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It can be very stressful when there’s a power outage as you wait in anticipation for it to be restored. Such an urgent situation requires proactive action to prevent food in your freezer from going bad. We have consulted with the experts to answer how a portable generator is a solution to power your freezer during blackouts and give you peace of mind.
A portable generator is a power backup appliance that continues to run your freezer even after a power outage: preventing your food from spoiling and subsequently saving you money. The generator you should use largely depends on the wattage and size of your freezer, and your generator having enough power to run your freezer and several other electrical gadgets simultaneously.
The most suitable generator to run your freezer is one that has several important qualities that shouldn’t be overlooked in the selection process. Continue reading to learn how to identify such a portable generator for your freezer.
What Size Generator Do I Need To Run A Freezer?
Most homes do not only have a freezer but also a fridge. Thus, a 2000 watt portable generator will be enough to run both simultaneously. It would also work well if you only have a freezer.
But, if you want to run your freezer, fridge, and other appliances like a TV simultaneously, you will need a generator with a much higher wattage, preferably 3400 watts.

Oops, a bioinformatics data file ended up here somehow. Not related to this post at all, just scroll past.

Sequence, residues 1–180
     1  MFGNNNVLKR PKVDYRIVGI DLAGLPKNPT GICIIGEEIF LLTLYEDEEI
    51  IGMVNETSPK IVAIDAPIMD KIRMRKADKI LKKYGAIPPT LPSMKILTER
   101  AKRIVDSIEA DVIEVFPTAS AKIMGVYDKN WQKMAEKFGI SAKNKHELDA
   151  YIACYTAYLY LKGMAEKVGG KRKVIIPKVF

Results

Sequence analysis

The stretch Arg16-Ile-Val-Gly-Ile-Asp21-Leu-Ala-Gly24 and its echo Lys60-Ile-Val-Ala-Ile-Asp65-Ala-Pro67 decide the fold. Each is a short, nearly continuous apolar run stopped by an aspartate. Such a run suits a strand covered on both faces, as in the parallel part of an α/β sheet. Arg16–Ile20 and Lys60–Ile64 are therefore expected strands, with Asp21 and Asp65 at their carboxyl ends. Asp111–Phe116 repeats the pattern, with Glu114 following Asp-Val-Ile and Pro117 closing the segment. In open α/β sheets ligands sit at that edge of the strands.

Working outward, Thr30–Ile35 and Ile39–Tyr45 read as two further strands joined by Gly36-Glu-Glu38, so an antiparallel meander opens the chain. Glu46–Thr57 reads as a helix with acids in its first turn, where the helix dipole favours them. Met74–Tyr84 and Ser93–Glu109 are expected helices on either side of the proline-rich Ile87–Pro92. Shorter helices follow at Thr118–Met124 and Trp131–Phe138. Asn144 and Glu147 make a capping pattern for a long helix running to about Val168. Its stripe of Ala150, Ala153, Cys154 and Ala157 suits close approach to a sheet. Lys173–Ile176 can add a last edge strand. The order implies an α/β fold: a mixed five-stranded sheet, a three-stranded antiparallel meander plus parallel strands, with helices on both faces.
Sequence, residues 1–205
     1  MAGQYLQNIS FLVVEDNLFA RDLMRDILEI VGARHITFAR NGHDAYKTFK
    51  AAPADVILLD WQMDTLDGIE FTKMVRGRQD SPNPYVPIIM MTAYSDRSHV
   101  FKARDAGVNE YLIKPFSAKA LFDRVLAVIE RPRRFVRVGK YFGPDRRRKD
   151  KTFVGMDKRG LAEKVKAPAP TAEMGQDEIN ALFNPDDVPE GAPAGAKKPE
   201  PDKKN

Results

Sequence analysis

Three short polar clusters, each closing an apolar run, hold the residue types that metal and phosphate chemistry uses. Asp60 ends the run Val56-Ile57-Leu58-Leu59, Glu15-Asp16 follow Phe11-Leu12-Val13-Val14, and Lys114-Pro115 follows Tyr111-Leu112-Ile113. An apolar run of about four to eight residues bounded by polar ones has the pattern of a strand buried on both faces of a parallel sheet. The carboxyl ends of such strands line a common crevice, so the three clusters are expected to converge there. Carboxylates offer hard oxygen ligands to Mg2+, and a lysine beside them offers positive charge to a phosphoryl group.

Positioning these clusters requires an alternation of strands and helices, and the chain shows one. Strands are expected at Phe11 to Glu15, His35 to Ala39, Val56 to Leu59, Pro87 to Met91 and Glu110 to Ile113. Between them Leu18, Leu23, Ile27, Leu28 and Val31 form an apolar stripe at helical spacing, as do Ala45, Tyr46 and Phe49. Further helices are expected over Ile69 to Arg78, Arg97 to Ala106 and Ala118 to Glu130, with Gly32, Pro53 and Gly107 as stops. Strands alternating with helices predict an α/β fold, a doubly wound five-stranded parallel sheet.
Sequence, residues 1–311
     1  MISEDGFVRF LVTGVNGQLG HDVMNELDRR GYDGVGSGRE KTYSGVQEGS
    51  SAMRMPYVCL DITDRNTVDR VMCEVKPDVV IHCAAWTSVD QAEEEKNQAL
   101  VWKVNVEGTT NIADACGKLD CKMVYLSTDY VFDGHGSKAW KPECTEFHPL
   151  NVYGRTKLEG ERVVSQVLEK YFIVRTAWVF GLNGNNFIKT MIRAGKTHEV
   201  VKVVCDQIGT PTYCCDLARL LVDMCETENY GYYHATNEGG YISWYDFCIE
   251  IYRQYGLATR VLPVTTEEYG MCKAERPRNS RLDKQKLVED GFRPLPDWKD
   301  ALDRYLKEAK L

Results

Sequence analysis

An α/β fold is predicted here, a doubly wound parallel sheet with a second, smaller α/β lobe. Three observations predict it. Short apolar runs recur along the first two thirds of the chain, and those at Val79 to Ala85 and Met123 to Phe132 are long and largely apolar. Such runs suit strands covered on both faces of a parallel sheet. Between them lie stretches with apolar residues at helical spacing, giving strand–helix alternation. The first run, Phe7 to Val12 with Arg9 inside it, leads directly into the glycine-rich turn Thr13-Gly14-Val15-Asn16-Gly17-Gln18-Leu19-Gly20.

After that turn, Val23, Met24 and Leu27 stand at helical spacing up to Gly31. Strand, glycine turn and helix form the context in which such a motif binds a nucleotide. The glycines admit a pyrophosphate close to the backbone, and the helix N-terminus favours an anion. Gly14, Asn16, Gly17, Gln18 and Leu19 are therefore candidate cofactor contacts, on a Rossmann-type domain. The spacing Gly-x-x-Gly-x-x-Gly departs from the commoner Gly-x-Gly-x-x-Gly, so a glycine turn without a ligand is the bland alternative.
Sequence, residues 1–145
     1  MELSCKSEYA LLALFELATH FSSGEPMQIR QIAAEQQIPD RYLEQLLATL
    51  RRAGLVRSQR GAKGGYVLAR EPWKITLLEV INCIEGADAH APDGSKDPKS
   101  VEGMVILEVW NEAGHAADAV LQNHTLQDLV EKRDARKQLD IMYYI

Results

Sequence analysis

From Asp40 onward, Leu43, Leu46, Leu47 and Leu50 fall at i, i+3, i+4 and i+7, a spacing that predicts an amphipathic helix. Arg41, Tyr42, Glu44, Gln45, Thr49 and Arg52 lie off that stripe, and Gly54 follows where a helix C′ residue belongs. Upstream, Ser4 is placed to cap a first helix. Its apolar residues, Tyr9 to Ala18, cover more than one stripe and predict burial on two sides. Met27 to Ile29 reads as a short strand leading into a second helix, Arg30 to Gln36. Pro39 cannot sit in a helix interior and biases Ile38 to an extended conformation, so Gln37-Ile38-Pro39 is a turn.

Can A 2000 Watt Generator Run A Freezer?
Yes, as mentioned above, a 2000 watt generator is sufficient to run your standard freezer and fridge. However, this may not be enough if you want to run other appliances concurrently with your freezer.
You will need a generator with a higher wattage than 2000 watts to run your freezer and other appliances of your choice. This is to prevent damage not only to your generator but also the other electrical appliances.
What To Consider When Choosing a Generator To Power Your Freezer
When you need a particular generator to power your freezer, you have to identify one depending on the size and wattage of your freezer. In case you want to power more than one appliance with your generator; be sure to get the correct wattage of the generator that can run all your appliances without causing any problems.
features Of A Good Quality Portable Generator
A portable generator is highly convenient when there’s a power outage. It is an excellent choice if you are on a budget, and it does not need any complex installations and can easily be moved around.
The following are the qualities you should look for in a portable generator:
This is a generator that runs on either gasoline or propane. It’s an excellent choice for homeowners as one can switch between fuels depending on their availability, causing no problems to the generator.
The prices of the fuel are different. Therefore, you can go for the cheaper fuel or propane, if that fits your budget when you need to use a generator.
2. Energy efficient
The advantage of a dual-fuel generator is that it can run much longer using propane than it would with gasoline. Your generator can run up to 16 hours using gasoline but can run between 150 and 200 hours when using propane.
3. Low Noise
You still desire a comfortable home during blackouts just as much as when there’s power; thus, low-noise generators will not cause any discomfort to your ears as you go about your normal duties.
Wattage Of Your Freezer